About Us

London has one of the most complex transport networks in the world. The purview of Transport for London (TfL), includes principal road routes, rail networks including London Underground and Overground, buses, taxis, trams, cycling provision and river services. In 2014, the system catered for 26.6 million trips per day on average - an 8.2% increase from 2008 – and is expected to grow by 5.5 million by 2041 [1].

Unfortunately, access to the transport network is limited for some of the most vulnerable groups in our society. 14% of users are classified as disabled and 11% are over 65 which is expected to grow significantly in the future. Research by TfL suggests that 46% of the public transport network was inaccessible for those with mobility impairments in 2014/15 which meant they faced longer journeys and some journeys may not be physically possible [1].

Tube networks can be particularly challenging for wheelchair users.

“Planning a tube journey when you have reduced mobility is a bit like running a small military operation. You need to research every leg of the journey beforehand, and probably need to call ahead, especially as TfL advises that you check the lifts are running if you need them.”
- Barbara Speed for CityMetric [2]


  1. Travel in London Report 8 by TfL
  2. www.citymetric.com/transport/what-does-tube-map-look-if-youre-wheelchair-1811
What we do

We are investigating the challenges faced by mobility-impaired groups when accessing the transport network by utilising mobile technology and the Organicity platform. Specifically, we are trying identify areas in London with restricted access and we hope to report our findings to authorities responsible for areas of difficulty, including TfL, Network Rail and London Boroughs. We are also aiming to provide users with improved routes. By mobility-impaired we are referring to any individuals who find it difficult to physically access the London transport network. This could include a wide variety of groups from the elderly and parents with young children to those with physical conditions.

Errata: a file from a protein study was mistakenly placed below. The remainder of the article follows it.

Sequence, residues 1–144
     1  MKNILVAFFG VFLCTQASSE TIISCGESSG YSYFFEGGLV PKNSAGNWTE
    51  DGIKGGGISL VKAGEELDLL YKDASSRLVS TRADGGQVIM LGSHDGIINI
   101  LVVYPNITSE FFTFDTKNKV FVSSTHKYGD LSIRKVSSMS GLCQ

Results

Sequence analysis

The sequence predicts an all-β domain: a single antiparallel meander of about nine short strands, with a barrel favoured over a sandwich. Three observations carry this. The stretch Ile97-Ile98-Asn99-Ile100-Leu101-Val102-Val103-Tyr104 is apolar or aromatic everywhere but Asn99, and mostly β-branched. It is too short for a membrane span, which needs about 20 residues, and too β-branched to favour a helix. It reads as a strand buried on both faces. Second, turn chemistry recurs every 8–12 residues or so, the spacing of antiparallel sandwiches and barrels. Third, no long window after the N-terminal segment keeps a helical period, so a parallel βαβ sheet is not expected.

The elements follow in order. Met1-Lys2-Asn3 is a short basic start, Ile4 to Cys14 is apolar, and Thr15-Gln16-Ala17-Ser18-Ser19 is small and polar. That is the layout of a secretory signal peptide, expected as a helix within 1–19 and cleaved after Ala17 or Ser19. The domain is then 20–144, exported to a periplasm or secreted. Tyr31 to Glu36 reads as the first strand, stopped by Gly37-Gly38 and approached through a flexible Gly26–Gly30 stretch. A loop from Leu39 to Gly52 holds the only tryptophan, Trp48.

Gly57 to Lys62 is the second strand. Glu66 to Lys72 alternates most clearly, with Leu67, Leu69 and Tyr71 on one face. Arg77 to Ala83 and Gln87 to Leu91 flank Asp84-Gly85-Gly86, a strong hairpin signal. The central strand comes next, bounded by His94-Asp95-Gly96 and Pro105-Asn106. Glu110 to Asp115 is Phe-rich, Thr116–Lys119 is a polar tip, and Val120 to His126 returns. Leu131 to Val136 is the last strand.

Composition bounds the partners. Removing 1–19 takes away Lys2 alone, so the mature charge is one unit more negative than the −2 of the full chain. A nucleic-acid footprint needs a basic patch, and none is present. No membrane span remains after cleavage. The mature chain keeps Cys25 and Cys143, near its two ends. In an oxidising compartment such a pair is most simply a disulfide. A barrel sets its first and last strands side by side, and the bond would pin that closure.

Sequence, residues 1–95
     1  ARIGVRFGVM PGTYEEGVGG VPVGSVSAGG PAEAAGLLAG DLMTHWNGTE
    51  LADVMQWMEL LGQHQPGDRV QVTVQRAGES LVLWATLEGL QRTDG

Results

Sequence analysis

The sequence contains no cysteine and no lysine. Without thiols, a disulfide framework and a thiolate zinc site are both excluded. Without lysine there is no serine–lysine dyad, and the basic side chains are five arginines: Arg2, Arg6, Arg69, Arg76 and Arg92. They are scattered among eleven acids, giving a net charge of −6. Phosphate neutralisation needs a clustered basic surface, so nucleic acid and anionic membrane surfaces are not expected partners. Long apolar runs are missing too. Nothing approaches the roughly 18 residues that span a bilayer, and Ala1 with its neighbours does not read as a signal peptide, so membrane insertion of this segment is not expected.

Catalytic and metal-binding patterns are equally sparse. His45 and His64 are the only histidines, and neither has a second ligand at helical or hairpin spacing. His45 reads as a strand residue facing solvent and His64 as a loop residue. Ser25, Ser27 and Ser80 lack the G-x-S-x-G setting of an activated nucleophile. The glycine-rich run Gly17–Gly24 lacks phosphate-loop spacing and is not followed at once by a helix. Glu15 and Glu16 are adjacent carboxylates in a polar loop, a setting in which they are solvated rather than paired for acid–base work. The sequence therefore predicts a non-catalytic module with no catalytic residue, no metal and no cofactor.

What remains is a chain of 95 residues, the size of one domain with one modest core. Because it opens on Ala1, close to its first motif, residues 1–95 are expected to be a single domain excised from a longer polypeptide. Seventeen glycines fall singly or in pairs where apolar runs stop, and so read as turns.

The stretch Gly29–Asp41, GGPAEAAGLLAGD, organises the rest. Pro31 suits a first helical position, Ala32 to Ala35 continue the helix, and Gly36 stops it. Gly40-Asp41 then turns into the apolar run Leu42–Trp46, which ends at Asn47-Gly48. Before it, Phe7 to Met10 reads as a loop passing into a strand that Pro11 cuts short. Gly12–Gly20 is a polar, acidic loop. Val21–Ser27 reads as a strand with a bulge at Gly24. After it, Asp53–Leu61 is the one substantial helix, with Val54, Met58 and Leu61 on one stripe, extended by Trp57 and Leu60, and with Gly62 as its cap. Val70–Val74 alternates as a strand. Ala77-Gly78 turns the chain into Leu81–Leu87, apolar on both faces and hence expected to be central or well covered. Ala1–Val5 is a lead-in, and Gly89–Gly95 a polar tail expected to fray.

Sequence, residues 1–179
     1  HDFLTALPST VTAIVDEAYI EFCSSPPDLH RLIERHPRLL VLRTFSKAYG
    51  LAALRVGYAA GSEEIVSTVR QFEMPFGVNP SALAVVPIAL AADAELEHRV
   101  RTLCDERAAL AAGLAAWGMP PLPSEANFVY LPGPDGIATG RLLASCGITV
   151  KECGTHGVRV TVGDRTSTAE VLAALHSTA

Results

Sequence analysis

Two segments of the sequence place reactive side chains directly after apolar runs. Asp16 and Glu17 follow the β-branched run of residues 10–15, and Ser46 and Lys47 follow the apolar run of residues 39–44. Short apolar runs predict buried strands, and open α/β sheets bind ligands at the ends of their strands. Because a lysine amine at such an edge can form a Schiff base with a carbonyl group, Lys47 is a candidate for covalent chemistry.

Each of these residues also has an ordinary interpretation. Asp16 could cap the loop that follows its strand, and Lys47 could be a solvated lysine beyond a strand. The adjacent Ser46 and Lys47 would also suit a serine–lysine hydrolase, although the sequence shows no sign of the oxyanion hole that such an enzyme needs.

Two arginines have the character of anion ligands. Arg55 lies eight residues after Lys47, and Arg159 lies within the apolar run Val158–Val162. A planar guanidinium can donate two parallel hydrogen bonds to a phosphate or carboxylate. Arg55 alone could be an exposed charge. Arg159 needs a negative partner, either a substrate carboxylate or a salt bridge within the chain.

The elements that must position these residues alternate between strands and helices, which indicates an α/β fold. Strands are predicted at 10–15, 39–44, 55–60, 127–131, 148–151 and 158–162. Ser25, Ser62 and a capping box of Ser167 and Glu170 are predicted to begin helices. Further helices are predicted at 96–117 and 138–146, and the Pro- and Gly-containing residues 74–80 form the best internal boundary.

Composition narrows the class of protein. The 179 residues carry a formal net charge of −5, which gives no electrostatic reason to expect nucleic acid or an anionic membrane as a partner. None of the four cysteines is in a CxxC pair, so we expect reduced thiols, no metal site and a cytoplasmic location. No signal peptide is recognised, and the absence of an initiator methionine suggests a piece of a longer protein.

To conduct this analysis a smartphone app will track the position of volunteers as they travel across the transport network over a 3 month period and allow the volunteers to give feedback/comments. We will then infer 'mobility black spots' and suggest improvements to interested stakeholders.

This real-time tracking of users marks a departure from TfL's current approach of regular consultations with stakeholder groups. Our innovative approach will augment and enhance that of TfL's offering quantitative insights on stakeholder network usage. Collecting data on stakeholders' routes may also allow us to crowd-source optimal routes which we can then feedback to volunteers to assist in their day-to-day travel.

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